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Discussion Starter #1 (Edited)
A beautiful Sunday morning, about 11 am. I was riding eastbound @ about 40 mph on a nice road that runs out of Fairfield & thru the mountains. On its way there it parallels a four lane freeway for about 1/8 mile, with about 20ft between the two roadways.


I was riding in the direction the camera is pointing. A driver on the freeway lost control of her car. the car left the freeway and came toward me head-on, still out of control. I struck the left hand side of the car, and the car went back through the fence & ended up on the shoulder of the freeway.



(In case you're wondering, that barb wire won't stop a car!)

I'm telling you about the accident based on the police report. I still can't remember anything between taking my bike out of the garage that morning & waking up in the hospital 1 month later. I had a broken neck, jaw, ribs, torn ligaments in my shoulder, damage to my spinal cord, etc.

It is custom out here for riders to post about their accidents. We collectively analyze the accident & identify things that the rider could have done to prevent the accident. We do this hoping that it will save another rider in the future.

This accident is a little different. Other than calling the Psychic Friends network, I can't think of anything I could have done to avoid this.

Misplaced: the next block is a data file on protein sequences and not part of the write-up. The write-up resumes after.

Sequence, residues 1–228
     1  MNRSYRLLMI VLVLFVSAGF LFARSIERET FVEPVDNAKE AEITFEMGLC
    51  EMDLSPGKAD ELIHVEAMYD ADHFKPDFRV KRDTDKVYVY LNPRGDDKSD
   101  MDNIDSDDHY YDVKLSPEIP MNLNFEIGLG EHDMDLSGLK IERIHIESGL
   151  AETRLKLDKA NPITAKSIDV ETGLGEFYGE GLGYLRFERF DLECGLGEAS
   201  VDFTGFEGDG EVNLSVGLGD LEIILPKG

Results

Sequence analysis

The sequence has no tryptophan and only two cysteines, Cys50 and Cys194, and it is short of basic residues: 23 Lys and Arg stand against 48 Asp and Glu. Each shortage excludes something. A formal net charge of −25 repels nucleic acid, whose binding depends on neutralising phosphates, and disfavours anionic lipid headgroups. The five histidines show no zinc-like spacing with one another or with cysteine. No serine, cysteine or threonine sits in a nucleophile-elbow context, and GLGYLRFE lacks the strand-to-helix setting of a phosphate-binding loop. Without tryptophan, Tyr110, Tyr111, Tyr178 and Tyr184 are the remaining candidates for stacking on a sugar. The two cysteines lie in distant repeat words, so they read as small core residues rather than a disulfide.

You'll never find a post telling about how I beat a Hyabusa racing on the street, or how I pulled a long wheelie.
With a few exceptions, in the appropriate locations, I ride pretty conservatively. The lesson here is that anything can happen, at any time.

Let's talk about gear for a minute. I was fully geared up. I have a deep gouge in my left thigh. Apparently something tried to tear into my leg, but was unable to because of my leather pants. If I hadn't been wearing them, the object could have gutted me. At best, the road rash, in addition to my other injuries could easily have had me posting this via Ouji board. WEAR YOUR GEAR! WEAR IT ALL THE TIME, OR GET YOUR ASS IN THE CAR!! Here's something else to consider: I was unconscious when the paramedics arrived. All they knew was that an out-of-state rider was down, but I found out later they commented about how nice my gear was (As they cut it off my body...Not the jacket!!....:crying: ) and how glad they were it wasn't another shorts-and- sandals cleanup. Seeing me well dressed, and on a nice, clean bike, and with a private insurance card, they called in the helicopter and sent me to this regions' best trauma center. Now I'm not saying that I wouldn't have received the best care possible if I would have been 'dressed down', but from what I've learned about the health care system, I'd advise you to give it some thought.